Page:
Wednesday, August 13, 2003

On August 13, 1988, the temperature in Watertown, Massachusetts reached 98 degrees Fahrenheit. Green-winged dog day cicadas screamed from the trees. At 11 AM, a wedding took place in a Methodist church on Mount Auburn Street, the main thoroughfare of Watertown. At about the same time, in an Italian restaurant in nearby Newton, the air conditioning system fizzled and failed.

The Watertown wedding was neither large nor especially formal. As the guests assembled, a jazz-flavored King Crimson instrumental played on a boom box at the back of the church. The bride's father, 76 years old, was in the midst of chemotherapy treatments for Hodgkin's disease; despite the heat and his diminished energy, he pressed on through the service, managing to not wilt too badly in the morning suit he'd somehow agreed to wear. Though not known for his optimism, he had unforeseen reasons to smile. He would beat his disease and live another eight years, something no one else really expected that morning.

The bride and groom had chosen to marry in the town where they now lived. She was actually from Connecticut, the only child of a blue-collar couple; she felt no particular attachment to the home town she'd left in 1974, although several dozen of her relatives had driven to the Boston suburbs for the wedding. The groom was the older of two children of a white-collar family in Indiana. His parents, his sister and brother-in-law, and a few other Midwestern relatives and friends had made the trip to Watertown. Many of the bride's and groom's co-workers were there as well, since the couple had met at work.

On the marriage license, the groom's occupation was listed as "physician", and the bride's as "technical writer". They still joke about that document, which listed different ages for the two of them. He had already turned 32; she was only seven weeks younger, but her birthday fell three weeks after the wedding. Single for so long, they both felt set in their ways. They were determined to go ahead with the wedding, but though few of their friends and relatives realized it, they were terrified. Both of them felt they might be too young to get married.

The matron of honor had been the bride's closest friend as both coped with a stressful and unrewarding workplace several years earlier. The best man had been through postgraduate medical training with the groom, and knew even more about stress. The genial minister who officiated at the wedding addressed the bride and groom during the service. Relax, he told them, relax and learn to have a good time and enjoy each other. Their relatives, who like most families were not privy to their children's secrets, were undoubtedly a bit confused. The friends of the bride and groom, however, understood perfectly, and suppressed giggles as they sat in the pews. The bride wore a beaded butterfly on her veil. It had been an afterthought, but she really liked butterflies. The fact that it was there made her calmer, somehow.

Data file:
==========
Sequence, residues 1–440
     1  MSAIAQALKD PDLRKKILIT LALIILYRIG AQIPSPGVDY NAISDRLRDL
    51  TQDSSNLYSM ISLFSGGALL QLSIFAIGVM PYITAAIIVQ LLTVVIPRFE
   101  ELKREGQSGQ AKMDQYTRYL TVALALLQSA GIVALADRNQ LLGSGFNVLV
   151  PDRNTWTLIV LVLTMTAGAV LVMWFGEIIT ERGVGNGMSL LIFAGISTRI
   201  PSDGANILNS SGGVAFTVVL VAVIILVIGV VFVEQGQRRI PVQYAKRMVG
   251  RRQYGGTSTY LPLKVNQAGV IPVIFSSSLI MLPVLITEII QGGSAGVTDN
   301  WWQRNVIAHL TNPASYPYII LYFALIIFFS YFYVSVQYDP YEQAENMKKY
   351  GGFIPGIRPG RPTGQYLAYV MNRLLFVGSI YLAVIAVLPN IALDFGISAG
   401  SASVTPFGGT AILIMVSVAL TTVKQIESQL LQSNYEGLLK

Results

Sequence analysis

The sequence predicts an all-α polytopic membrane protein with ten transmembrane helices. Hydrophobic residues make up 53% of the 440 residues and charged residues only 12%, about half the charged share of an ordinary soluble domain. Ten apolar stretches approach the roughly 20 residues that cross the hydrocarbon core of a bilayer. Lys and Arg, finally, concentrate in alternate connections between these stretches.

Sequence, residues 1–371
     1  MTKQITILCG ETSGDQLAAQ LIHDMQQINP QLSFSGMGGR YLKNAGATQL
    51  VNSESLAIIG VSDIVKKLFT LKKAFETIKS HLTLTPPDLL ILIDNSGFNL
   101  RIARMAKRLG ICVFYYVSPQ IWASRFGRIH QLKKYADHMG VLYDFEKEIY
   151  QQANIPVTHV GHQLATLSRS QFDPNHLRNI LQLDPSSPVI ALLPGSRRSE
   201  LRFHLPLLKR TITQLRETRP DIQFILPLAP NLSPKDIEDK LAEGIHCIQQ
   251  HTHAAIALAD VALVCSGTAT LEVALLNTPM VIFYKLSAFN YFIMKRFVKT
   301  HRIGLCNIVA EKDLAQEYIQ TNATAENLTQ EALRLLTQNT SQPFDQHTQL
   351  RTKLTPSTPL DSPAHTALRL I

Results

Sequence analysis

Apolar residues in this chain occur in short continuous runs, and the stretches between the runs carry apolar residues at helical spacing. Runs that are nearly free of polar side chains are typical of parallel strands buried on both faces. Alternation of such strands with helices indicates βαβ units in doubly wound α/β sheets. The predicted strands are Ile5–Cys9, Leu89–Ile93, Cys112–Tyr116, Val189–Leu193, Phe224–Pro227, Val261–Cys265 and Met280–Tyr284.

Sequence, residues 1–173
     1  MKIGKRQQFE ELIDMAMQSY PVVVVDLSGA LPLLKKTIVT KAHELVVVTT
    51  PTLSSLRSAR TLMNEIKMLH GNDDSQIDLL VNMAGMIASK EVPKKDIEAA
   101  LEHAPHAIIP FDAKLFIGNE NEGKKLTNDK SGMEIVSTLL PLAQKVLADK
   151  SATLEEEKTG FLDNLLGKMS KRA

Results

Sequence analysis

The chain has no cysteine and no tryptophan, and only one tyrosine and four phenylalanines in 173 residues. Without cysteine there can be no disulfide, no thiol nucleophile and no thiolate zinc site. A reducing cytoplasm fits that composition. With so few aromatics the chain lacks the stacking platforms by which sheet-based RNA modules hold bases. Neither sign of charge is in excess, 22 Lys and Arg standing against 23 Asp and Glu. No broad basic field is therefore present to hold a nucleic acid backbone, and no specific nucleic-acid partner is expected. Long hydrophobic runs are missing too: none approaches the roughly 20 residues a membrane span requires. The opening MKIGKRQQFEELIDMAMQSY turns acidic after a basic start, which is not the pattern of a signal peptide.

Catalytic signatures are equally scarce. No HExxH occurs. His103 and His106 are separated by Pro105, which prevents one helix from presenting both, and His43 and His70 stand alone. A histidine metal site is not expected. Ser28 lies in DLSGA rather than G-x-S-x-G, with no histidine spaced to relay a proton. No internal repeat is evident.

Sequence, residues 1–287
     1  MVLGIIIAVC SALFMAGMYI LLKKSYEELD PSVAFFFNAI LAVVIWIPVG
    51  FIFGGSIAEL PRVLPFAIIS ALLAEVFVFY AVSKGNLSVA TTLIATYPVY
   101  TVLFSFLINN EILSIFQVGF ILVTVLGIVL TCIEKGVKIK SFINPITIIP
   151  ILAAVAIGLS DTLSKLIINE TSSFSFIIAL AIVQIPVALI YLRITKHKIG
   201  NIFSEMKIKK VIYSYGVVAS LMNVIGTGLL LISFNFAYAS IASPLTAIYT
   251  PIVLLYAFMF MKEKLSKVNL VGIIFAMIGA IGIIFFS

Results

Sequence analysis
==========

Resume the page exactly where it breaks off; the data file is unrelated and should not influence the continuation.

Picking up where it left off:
After the service, the groom drove his own gray Colt -- not air-conditioned -- to the reception, with the bride sitting beside him. When they arrived at the Italian restaurant in Newton, the manager apologized profusely about the heat. The bride was taken aback for about ten seconds, and then patted the manager on the arm. Don't worry about it, she said, it's only a little thing. In the larger picture, it really was. The bride and groom were terrified. They felt too young to get married. They went on in anyway, though, and ate pasta and and drank wine while a classical guitarist strummed away in the banquet room, and everyone else loosened their ties and fanned themselves and drank wine or sparkling grape juice while some poor repairman climbed up on the roof and kicked the air-conditioning system back to life before the reception ended.

Now, fifteen years later, the groom is a political activist and budding videographer, long removed from his life in medicine and medical education. The bride is no longer a technical writer; she followed her butterflies to graduate school and became a biologist, an effort that took up half each of her thirties and forties. They still have the gray Colt, which took them from Massachusetts to Michigan three years after the wedding, an action that made them realize they really were not only old enough to get married, but a pretty good team. They don't have children -- the wisest possible decision for them in many ways -- although they're surprisingly good at being an uncle and aunt, something that has brought both of them, as well as the bride's mother, very much closer to the groom's family.

They celebrated their fifteenth anniversary with a strenuous four-hour paddle down a western Michigan river, followed by a lavish dinner in one of their favorite Kalamazoo restaurants. When they went to dinner, he wore an aloha shirt that he bought on their Hawaiian honeymoon. (The bride is still awestruck over the groom's ability to fit into 15-year-old clothes without so much as a strained button.) They're probably going somewhere else soon, but they don't know where or when. They have only occasional contact with the matron of honor, the best man, and the officiating minister -- but they are learning, very slowly, how to relax, and they both have every reason to believe that someday they'll get it right.


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